After a year of protests and crackdowns, many note a pattern: the conflicts with security forces never begin on the days when crowds fill the streets but only days later when the authorities move in to clear out the stragglers.
One year after the tumultuous events that marked a watershed in the so-called Arab Spring, Egypt is still under martial law, with the ruling military council acting as the highest authority.
With the military cracking down, the Islamists pushing their own agenda, and the economy threatening to cause the progress of the past year to unravel amid financial chaos, it’s not surprising that the activists who were at the heart of the protests consider their revolution unfinished:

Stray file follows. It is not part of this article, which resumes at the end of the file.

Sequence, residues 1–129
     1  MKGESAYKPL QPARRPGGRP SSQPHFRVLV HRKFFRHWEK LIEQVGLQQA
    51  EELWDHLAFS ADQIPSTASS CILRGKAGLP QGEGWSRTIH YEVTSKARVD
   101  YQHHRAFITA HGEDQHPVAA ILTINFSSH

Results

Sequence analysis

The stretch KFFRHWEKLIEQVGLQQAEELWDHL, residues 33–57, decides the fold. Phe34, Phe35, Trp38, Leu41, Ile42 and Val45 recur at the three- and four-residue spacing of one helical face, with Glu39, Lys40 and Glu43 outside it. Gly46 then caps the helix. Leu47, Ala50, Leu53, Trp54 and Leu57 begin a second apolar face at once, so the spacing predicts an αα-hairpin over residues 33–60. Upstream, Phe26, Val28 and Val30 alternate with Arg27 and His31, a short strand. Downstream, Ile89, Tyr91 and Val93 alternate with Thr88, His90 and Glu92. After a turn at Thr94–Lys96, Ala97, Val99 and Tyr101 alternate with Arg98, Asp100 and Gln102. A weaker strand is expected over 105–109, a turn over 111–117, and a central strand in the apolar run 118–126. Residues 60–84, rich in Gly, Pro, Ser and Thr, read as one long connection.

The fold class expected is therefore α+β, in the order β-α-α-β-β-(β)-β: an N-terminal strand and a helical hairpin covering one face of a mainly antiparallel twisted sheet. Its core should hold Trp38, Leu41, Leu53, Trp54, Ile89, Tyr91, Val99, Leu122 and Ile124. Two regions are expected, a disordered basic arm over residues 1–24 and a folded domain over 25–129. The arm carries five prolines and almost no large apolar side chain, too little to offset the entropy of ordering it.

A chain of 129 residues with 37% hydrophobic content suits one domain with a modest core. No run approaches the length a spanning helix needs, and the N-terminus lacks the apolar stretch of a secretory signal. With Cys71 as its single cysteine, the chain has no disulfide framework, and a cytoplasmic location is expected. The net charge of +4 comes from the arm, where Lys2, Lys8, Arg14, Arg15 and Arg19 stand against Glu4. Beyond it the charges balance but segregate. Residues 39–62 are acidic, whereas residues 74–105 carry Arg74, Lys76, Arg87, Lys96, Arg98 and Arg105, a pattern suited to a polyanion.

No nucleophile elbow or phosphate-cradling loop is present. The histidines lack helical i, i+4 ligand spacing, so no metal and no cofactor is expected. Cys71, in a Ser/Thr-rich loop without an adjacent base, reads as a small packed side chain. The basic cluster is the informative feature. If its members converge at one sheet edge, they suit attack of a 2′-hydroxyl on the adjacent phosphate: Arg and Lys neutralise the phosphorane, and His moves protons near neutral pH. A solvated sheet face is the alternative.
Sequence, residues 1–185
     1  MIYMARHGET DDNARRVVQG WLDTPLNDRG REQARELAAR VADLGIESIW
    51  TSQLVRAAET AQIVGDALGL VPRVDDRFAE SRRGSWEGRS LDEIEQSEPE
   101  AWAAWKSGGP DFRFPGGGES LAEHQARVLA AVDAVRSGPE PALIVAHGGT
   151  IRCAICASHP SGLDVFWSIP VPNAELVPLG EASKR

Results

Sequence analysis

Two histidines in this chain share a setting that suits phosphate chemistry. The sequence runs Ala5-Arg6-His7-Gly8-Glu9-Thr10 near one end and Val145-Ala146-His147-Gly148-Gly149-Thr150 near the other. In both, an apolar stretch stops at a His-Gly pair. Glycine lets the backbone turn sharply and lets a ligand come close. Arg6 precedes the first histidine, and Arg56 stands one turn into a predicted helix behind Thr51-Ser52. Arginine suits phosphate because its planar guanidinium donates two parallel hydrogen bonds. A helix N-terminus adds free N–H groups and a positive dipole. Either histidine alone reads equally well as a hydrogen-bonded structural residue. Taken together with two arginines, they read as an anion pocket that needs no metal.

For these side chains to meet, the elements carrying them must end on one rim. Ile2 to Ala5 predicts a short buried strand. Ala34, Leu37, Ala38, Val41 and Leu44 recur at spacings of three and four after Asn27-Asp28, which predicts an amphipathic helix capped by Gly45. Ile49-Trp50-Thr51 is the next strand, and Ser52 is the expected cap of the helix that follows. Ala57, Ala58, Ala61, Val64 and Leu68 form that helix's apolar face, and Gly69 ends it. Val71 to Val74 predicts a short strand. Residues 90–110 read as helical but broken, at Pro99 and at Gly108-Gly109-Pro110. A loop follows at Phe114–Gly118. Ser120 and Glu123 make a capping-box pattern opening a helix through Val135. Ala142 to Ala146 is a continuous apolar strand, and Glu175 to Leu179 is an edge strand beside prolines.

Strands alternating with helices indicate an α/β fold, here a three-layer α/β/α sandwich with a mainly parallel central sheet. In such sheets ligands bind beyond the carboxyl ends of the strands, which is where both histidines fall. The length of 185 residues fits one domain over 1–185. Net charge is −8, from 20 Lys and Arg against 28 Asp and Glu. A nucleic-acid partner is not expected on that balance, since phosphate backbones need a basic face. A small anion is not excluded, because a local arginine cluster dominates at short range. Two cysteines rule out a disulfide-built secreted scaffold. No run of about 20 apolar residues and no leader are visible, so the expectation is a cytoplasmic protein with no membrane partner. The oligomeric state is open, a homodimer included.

etworks as events unfolded.
Ms. Ibrahim, who first spoke to The Lede last January, two days into the uprising — and minutes before Egyptian authorities shut down the Internet in a desperate attempt to stifle the protests — says now that she is frustrated by the lack of fundamental change.
“Really, what we have achieved,” she says, “was only just to topple Mubarak; we have Mubarak’s generals running the country — the SCAF, the military council, the 19 generals who are still killing and are leading counterrevolution. We want them to step out of power, but we understand that they are not going to go out of power easily.”
Mr. Elshamy, who was arrested at a protest in May and given a year’s suspended sentence by a military court, agrees that there is still work to be done. He also intends to spend Wednesday marching to Tahrir Square, in part, he says, because “what I saw in prison made me feel more determined.”